Tis the week of the Budget
And all through the House
Not a creature is stirring
Not even the usual leakers.

On Thursday, Bill English will deliver his sixth Budget. This will be a huge relief for National MPs, mainly because it means that for a day or two they can talk about something other than Judith Collins, Oravida or Cabinet Clubs.

There will be a small surplus in the Budget, of course. English's backroom team will massage every number and accounting convention they can find to make good on their solemn promise to tax more than they spend.

This won't leave much room to deliver any big programmes, despite National's claims of "rock star" economic status. Instead, I expect National will tinker around the edges.


On issues on which National is vulnerable, like housing, it will try to nullify Labour's strong policies using more small programmes with big names.

And on issues that matter to National's base, like roads, there will be at least the promise of large projects. But the spending will be pushed into future years, to avoid breaking the surplus.

I have staffed both sides of Budget week, piecing it together in the Beehive and sweating it out in opposition.

In opposition, you are entirely in the dark until an hour before the Budget speech, when you are herded into a room with a tree's worth of Budget documents, no internet and the grumpy Treasury officials who drew the short straw. It's like a Where's Wally exam.

It is much, much more fun in government. Delivering to your people in Budget week is why many people get interested in politics.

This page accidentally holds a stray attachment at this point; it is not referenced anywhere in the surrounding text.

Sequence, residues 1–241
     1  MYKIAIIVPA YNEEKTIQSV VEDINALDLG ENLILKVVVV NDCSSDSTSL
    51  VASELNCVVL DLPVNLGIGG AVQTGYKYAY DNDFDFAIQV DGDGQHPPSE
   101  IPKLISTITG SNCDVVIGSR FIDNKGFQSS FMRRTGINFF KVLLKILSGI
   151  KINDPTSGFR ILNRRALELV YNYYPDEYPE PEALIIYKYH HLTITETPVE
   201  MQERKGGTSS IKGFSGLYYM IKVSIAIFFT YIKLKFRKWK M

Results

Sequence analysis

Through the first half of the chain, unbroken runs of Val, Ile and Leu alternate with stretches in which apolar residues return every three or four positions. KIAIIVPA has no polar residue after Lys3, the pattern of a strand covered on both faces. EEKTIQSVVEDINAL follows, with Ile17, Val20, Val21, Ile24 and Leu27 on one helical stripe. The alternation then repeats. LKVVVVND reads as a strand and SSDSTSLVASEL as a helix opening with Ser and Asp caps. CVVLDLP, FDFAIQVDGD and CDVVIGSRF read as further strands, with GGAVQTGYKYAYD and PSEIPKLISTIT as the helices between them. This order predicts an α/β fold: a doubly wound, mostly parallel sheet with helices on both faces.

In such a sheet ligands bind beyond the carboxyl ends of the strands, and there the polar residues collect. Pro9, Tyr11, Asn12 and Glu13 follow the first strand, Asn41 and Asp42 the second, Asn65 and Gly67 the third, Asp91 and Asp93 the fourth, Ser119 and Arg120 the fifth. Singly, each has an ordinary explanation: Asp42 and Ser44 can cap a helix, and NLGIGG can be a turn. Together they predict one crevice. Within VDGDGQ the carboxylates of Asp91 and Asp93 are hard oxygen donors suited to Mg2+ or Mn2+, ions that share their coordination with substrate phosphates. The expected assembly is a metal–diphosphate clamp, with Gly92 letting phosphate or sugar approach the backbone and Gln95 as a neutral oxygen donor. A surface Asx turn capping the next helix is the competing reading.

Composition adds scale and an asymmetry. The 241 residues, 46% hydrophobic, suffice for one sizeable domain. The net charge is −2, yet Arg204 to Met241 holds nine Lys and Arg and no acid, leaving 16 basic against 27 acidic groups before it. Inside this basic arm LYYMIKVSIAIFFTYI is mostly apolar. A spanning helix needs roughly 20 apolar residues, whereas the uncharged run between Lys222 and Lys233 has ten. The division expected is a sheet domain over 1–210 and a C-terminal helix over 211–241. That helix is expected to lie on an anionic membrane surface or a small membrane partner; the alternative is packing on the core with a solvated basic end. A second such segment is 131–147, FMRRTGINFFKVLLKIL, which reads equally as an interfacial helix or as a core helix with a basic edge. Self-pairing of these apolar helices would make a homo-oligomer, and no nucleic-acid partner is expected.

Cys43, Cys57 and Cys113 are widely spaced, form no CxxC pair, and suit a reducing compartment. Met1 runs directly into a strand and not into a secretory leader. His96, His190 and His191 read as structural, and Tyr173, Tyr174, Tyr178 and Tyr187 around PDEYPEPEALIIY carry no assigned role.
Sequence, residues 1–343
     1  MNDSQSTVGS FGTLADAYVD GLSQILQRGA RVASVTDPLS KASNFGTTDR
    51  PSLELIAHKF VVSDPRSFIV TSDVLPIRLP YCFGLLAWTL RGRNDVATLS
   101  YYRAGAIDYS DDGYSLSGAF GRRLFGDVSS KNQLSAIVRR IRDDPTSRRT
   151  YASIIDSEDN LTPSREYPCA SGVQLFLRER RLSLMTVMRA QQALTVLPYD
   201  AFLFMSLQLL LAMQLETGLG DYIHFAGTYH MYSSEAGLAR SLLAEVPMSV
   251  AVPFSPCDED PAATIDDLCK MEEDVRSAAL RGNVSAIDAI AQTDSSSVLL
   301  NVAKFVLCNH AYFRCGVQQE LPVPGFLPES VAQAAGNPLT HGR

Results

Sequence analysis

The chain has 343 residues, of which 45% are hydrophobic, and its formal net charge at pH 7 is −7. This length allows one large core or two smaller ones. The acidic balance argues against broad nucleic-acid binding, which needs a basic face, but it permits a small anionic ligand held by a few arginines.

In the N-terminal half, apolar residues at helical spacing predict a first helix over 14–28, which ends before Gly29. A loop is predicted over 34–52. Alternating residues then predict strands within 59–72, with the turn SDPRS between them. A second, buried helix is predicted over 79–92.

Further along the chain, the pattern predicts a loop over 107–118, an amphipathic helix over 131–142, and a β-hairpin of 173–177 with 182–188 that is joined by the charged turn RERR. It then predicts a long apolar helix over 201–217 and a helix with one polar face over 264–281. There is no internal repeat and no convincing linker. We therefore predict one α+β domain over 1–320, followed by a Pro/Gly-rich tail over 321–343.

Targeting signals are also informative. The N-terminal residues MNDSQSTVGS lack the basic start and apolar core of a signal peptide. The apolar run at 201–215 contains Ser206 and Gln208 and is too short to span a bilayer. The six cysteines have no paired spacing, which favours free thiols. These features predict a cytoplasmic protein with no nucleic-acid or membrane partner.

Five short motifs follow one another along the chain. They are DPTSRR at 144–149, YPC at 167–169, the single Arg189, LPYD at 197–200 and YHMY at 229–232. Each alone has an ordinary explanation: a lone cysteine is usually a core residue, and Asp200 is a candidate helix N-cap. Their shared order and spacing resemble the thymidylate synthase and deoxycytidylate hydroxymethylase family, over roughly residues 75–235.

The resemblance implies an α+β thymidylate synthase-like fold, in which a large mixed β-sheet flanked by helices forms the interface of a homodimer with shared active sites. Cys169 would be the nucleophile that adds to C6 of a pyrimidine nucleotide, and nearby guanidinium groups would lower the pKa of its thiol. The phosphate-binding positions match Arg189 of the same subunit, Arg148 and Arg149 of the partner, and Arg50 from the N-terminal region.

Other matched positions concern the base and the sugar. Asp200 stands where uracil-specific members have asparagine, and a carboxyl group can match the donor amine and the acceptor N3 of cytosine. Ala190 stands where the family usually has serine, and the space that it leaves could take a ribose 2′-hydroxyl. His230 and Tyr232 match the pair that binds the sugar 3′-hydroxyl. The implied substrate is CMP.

Governments often send tens of thousands of letters trumpeting the Budget's new initiatives, complete with pages of "model families", so bored people can see how pretend people will fare.

You know the ones:"Bill earns $30,000 and Jill earns $70,000. Each has one leg. Thanks to the Budget, Bill and Jill receive an extra $12.78 + GST a week in the Government's Have Extra Legs Pronto (HELP) scheme."

In Labour, our internal argument was about whether to call the couple Bill and Jill, which risked cultural imperialism, or Aroha and Su-Hyun, which risked looking like PC-gone-mad idiots. Often, we compromised - Bill and Su-Hyun.

National doesn't have to deal with this conflict. With them, it is Bill and Jill all the way, often with a bennie-bashing angle thrown in.

Last week's was a gem: "We'll bribe a few beneficiaries with $3000 to move their life to Christchurch and pay exorbitant rents." That dog don't hunt.

I expect this Budget will be a flash in the pan. Within a week or two, we will all be back to wondering why nobody has fired Judith Collins yet.

• Rob Salmond runs Polity, a Wellington-based analytics and communications firm. The Herald on Sunday will publish a range of views "out of leftfield" over the next month.